Jimmy Max’s life was quite interesting.  He was home schooled by his mother, he got tired of his toys when he was 6 or 7 and started playing with reflecting plates of metal and studied frogs’ life cycles, and unfortunately his mom died after an operation when he was 8.  James was raised by his dad and sister-in-law Jane, educated by an unknown 16-year old boy who treated James like a bother.  Since James was raised on his father’s country estate in solitude most of the time after his mother’s death, his school experiences were apparently harsh and full of ridicule.  James was more intelligent than his teachers and fellow students, which also probably didn’t help things much.

James’ scientific career began pretty early.  From Wikipedia:

Maxwell was fascinated by geometry at an early age, rediscovering the regular polyhedron before any formal instruction. Much of his talent went unnoticed however, and, despite winning the school’s scripture biography prize in his second year, his academic work remained unremarkable, until, at the age of 13, he won the school’s mathematical medal, and first prizes for English and poetry.

For his first scientific work, at the age of only 14, Maxwell wrote a paper describing a mechanical means of drawing mathematical curves with a piece of twine, and the properties of ellipses and curves with more than two foci. His work, “Oval Curves”, was presented to the Royal Society of Edinburgh byJames Forbes, professor of natural philosophy at Edinburgh University, Maxwell deemed too young for the task. The work was not entirely original,Descartes having examined the properties of such multifocal curves in the seventeenth century, though Maxwell had simplified their construction.

In addition to, you know, developing the theory of electromagnetism, James Clerk Maxwell developed some other pretty interesting scientific developments.  From above, his work with geometry and multi-focal curves lead to developments in optics and color vision.  One area that I found particularly interesting was his work with photographic images and color.  A photograph of a tartan ribbon was taken three times with the first single-lens reflex (SLR) camera developed by Thomas Sutton, each photograph with a different color filter placed in front of the lens – red, blue, and green.  Then, by projecting each of these colored images on top of one another with three separate projectors, James created a full-color image.  Check it out:

Another pretty interesting development that James brought about was the Maxwell Disc.  James’s color wheel disc was very similar to James Forbes’ spinning color discs – you know, the ones that have three colors on them, and when you spin the disc, the color appears as a single color?  James Maxwell’s color disc had three very tuned colors (vermillion red, emerald green, and ultramarine blue).  This is a very simple explanation of Jimmy Max’s color wheel top – however, his work helped to develop the 1931 CIE color space.  He had his hands in all kinds of stuff!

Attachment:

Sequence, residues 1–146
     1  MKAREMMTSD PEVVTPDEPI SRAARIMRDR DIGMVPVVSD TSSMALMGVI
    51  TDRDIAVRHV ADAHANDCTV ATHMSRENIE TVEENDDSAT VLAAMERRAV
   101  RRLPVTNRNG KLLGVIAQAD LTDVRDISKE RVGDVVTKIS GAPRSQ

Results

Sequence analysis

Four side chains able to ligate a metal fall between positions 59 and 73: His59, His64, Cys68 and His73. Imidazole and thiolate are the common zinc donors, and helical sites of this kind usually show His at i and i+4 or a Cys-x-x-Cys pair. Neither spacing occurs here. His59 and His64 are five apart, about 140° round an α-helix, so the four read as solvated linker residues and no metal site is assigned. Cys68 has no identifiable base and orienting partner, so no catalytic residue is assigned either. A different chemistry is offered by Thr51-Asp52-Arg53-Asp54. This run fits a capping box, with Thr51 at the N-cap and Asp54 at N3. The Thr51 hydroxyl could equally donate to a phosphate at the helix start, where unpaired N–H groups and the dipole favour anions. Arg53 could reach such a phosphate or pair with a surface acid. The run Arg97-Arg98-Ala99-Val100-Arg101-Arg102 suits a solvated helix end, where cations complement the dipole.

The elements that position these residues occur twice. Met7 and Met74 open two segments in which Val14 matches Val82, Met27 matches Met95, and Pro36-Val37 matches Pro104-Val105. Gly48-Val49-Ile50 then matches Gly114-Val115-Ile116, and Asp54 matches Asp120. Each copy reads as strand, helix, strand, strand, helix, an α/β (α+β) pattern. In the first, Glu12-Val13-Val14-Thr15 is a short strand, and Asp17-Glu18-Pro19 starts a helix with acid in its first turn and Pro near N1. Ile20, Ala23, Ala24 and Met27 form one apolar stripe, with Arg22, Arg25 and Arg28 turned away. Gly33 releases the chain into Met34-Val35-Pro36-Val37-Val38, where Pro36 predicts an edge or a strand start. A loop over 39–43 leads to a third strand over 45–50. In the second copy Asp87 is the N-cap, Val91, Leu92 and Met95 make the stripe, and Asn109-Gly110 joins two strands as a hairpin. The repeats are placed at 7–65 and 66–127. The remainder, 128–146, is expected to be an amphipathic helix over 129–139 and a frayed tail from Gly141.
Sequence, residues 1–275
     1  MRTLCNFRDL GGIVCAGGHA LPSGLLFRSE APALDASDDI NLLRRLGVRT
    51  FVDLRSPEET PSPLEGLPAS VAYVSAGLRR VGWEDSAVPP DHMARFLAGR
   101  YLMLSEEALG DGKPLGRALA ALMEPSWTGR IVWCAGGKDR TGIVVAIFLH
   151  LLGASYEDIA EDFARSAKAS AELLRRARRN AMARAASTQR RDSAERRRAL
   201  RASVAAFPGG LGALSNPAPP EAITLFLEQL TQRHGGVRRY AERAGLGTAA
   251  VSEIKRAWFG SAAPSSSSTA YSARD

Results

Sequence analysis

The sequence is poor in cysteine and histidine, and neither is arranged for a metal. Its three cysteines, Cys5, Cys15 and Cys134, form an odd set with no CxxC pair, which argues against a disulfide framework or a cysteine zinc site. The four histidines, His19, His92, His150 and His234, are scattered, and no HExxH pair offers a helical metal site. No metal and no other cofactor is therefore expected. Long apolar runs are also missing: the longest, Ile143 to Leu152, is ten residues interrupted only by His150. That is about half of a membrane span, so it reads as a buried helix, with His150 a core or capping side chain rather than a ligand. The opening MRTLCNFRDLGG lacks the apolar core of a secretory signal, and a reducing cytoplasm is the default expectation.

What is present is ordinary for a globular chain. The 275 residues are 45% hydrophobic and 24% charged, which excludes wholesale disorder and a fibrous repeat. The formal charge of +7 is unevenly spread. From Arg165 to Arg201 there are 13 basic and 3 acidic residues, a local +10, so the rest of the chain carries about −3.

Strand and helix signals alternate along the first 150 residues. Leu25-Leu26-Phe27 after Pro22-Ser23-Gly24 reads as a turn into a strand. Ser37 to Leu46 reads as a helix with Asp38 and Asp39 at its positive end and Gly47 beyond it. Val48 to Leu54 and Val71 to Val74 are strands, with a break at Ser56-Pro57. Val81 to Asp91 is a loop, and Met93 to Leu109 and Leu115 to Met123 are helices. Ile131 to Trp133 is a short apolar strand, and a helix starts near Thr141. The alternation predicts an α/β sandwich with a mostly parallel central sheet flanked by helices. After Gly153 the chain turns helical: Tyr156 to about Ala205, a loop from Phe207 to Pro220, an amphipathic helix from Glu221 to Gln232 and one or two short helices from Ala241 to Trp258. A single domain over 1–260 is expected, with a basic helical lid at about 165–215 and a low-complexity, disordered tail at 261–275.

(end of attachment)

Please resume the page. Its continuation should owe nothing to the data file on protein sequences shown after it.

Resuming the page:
Maxwell, as a young pup, with his color wheel:

Maxwell’s Color Triangle – look familiar?

Maxwell’s Equations and Electromagnetism

James Clerk Maxwell developed the theory of electromagnetism, and Maxwell’s Equations are the basis of this theory:

Classical Electromagnetism, which is these four laws plus Lorentz’ Law (the law that can be applied to make a current-carrying object levitate between two magnetic fields), is what James Clerk Maxwell is credited with developing.  Of course others helped in this work, but Maxwell is credited with the bulk of the development.

Have you seen these laws?  They are freaking beautiful, especially if you like math like me:

Or, if you like humor:

One last thing – our man James was a poet!  He wrote all kinds of poetry, but my favorite was his mathematical poetry.  Here’s one for the road:

Energies through the ether flow,
Waves travel to and fro,
And with a ratio
Their speed you measure.
Colours yield their secret hue,
And Saturn’s rings subdued by you
Suggest that gases
Might be measured too.

Science you freed
From cramping mechanistic creed,
And by your theory brought
The elastic solid ether to naught,
And changed the axiomatic basis
Of scientific thought.

Oh Maxwell! How can I declaim
On such a genius, such a fame,
And speak of one so very wise
Who saw the world through splendid eyes,
And though of such a subtle mind
Was yet so humorous and kind?
Yours was a mind unique and rare
That, nurtured in a northern air,
Struck out new paths in many ways
Through all too short, yet fruitful days.
How can one capture in a line
Something so great, so pure, so fine?

Give thanks,
That such a man drew breath,
And lament with all the world
His early death.

Happy Birthday, Jimmy Max!

Thanks Wikipedia, St. Andrews, and Sonnet Software!

The Live Design Excellence Awards – Voting is Open!